It's hilarious. What a wonderfully quirky little novel full of sarcastic babbling of a burnt out Professor of Creative Writing and English. Did I mention he is also a published novelist who's creative juices have been squeezed so completely he is left to opine with absurdity and overt honesty within-Recommendati
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Karen
Aug 13, 2014 Karen rated it it was amazing
So very funny, so very true, so very poignant - I laughed my way through this book of letters by English Professor Jay Fitzger. Prof. Fitzger is not, at first, a character to admire, but as I continued to read (and wish I were brave enough to write some of the truths he does), I saw the caring and concerned teacher and friend underneath the bitter and frequently inappropriate facade. If you love language, read this book. Prof. Fitzger is eloquent.
Sarah
Dec 02, 2014 Sarah rated it really liked it
Jason Fitger, a professor of creative writing and literature at a small college, writes the most entertaining letters of recommendation that I have ever read. I doubt ANYONE gets a job based on his letters, but that probably encourages him. He uses his letter writing to say what he wants about his exes, his employer, other writers, people he once knew and the unfortunate person asking for the recommendation. It is funny and easy to read as the book is only his letters in order over a year. Thoug ...more
Karli
Aug 14, 2014 Karli rated it it was amazing
Shelves: real-bookshelves
I loved this novel - I laughed out loud at several parts, and enjoyed following Jay's logic, agendas and his own growth as he uses his pen as his sword for the good of the students and his friends. I think anyone who spent several years in a liberal arts department will certainly find this a compelling read. I'm very thankful to the people at Doubleday who sent me the book to enjoy!
Joshua Rigsby
Funny. Sometimes poignant. An all-to-realistic portrayal of the petty rivalries in academia.
Karen
Jul 22, 2014 Karen rated it really liked it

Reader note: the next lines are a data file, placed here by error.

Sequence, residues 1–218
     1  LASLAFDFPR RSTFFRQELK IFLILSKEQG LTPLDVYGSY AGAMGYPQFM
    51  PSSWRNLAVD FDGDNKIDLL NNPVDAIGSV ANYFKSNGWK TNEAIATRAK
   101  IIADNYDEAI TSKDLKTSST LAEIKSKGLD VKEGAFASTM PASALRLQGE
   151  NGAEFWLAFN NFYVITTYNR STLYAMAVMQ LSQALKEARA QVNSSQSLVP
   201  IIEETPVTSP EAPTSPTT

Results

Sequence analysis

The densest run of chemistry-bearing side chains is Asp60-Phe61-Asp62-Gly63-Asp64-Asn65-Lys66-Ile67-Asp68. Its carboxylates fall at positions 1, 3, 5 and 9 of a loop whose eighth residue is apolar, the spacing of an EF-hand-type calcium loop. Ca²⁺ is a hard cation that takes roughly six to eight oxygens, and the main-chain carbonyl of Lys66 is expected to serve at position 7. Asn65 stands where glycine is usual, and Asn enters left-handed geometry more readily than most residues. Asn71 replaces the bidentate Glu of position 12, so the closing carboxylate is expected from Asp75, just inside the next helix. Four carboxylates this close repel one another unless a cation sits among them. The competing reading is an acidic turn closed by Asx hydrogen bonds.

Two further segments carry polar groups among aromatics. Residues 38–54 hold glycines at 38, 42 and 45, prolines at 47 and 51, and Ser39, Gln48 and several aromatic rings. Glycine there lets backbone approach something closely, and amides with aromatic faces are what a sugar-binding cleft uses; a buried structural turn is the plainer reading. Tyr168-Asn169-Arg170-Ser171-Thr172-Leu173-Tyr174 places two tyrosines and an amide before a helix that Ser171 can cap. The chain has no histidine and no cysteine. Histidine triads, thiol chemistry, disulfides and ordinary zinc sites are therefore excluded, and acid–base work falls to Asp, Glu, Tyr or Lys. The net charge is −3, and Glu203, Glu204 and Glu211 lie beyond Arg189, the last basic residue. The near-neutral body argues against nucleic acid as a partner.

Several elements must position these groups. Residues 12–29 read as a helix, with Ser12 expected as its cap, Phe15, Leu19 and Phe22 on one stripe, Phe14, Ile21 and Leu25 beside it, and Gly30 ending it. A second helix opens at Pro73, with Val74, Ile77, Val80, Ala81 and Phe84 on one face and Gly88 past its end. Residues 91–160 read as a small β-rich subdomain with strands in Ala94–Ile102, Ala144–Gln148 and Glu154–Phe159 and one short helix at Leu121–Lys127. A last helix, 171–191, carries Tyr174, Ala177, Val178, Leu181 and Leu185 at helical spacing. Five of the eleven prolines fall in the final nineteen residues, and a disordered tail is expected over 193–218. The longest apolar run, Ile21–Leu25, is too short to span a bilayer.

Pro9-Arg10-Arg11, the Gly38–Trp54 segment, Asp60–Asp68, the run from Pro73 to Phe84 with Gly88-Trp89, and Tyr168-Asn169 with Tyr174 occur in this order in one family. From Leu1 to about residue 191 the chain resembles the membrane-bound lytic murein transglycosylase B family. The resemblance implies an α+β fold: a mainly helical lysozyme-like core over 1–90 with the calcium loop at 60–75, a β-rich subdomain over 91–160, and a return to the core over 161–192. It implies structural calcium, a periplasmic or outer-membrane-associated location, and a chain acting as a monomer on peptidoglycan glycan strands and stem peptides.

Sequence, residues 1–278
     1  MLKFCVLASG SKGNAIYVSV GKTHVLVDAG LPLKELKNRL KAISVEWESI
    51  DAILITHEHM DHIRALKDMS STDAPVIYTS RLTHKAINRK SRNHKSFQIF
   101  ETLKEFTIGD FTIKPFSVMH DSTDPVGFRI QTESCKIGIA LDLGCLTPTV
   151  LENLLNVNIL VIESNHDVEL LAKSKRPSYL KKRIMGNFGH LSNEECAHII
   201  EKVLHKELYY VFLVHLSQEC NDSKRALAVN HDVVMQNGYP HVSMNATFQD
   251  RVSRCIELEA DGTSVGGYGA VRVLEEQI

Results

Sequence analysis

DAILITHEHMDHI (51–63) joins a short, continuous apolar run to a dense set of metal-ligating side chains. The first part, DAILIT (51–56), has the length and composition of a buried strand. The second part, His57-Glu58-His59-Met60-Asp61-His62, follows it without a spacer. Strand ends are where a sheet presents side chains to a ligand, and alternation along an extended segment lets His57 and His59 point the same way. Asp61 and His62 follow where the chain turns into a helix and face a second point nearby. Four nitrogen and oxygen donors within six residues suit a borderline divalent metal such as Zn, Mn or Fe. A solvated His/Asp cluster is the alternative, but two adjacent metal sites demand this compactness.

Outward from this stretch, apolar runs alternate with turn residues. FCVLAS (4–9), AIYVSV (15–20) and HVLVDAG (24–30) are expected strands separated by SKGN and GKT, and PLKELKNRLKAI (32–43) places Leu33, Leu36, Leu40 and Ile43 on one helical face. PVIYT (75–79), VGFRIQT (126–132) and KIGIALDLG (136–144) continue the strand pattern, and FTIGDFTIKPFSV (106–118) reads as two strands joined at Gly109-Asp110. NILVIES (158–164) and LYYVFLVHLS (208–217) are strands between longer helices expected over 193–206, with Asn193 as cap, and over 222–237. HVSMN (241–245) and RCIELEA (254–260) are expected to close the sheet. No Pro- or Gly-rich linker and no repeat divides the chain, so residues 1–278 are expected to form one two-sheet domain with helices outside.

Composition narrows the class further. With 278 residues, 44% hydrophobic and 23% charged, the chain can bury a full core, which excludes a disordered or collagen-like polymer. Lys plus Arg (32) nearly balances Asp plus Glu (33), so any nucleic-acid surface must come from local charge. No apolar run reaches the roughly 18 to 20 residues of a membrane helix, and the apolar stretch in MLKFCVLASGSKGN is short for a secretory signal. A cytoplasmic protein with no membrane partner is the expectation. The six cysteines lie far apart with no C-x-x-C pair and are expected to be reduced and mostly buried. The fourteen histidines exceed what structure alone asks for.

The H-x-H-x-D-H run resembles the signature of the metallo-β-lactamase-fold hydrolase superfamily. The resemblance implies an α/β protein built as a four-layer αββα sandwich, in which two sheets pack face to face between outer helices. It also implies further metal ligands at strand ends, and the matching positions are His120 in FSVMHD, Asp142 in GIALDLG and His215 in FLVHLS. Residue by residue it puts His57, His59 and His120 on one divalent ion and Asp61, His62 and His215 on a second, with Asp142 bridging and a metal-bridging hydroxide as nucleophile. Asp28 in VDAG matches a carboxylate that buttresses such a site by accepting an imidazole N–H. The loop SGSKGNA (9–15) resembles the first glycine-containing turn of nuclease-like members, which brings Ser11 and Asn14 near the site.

I grabbed an ARC of this at ALA Annual 2014 (thanks, Doubleday!) It looked like a light, fun read, and since I've spent most of my career in academe, I can relate to the crazy-making politics of it. I expected to enjoy seeing some fun poked at the modern university, and to enjoy the novel (if slightly gimmicky) medium of writing a story in the format of recommendation letters.

This book is all that, but it also surprised me with its continuing through-line of sadness and anger. Our protagonist, J
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McKenzie
Jul 26, 2015 McKenzie rated it it was amazing
I absolutely LOVED this scathing, sarcastic, hilarious epistolary novel told in a series of recommendation letters from a curmudgeonly, disillusioned English professor at a second-tier university. Having written numerous recommendation letters myself, I can relate to the technological issues of online recommendation systems; the inane request to rate applicants as the top 10%, 5%, 1%, or 0.0001%; and the desire to be transparently honest in giving good recommendations to people I just want to st ...more
Jeanette
Mar 25, 2015 Jeanette rated it really liked it
Good lord, I almost gave this a 5 star. It's square on the bull's eye.

Because I have absolutely been there, and done that. Just completely mad at myself for not documenting it as well as Julie Schumacher did.

In my case it was the Chair of Music and Fine Arts Director, not the English Dept. Chair, but almost parallel to these letters. I was absolutely the snake, perfect description. I still think of him. On top of it he had a "late" child at 50 that he didn't AT ALL anticipate. I actually saw hi
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Ashley FL
Apr 25, 2014 Ashley FL rated it it was amazing
Slim and sharply-targeted, much like a rapier, skewering its subject matter. I chuckled my way through most of it -- funny but so on target that it was simultaneously funny and sad. I hope that the author isn't basing this too directly on her own university teaching experience.

There isn't much plot -- told through letters of recommendation, the writer reveals parts of history when he references parts of his past. But the character is well-drawn and, in spite of himself, likable. I definitely got
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Ann
This is a deliciously bitter little novel, in the best way possible. I don't know why angry people who feel they've been wronged by the world are so funny to me, but this hits all the right notes. I'm glad that I have so many close friends who work in academia: their personal experiences made all of the ridiculous antics ring completely true.
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2017 Reading Chal...: The Bottom: a Moving Target 1 16 Dec 06, 2015 07:58AM  
2015 Reading Chal...: Dear Committee Members by Julie Schumacher 5 28 Feb 08, 2015 05:14PM  
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Julie Schumacher grew up in Wilmington, Delaware and graduated from Oberlin College and Cornell University. Her first novel, The Body Is Water, was published by Soho Press in 1995 and was an ALA Notable Book of the Year and a finalist for the PEN/Hemingway Award and the Minnesota Book Award.

(from http://www.julieschumacher.com/)
More about Julie Schumacher...

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“I haven’t published a novel in six years; instead, I fill my departmental hours casting words of praise into the bureaucratic abyss. On multiple occasions, serving on awards committees, I was actually required to write LORs to myself.” 5 likes
“The reading and writing of fiction both requires and instills empathy—the insertion of oneself into the life of another.” 5 likes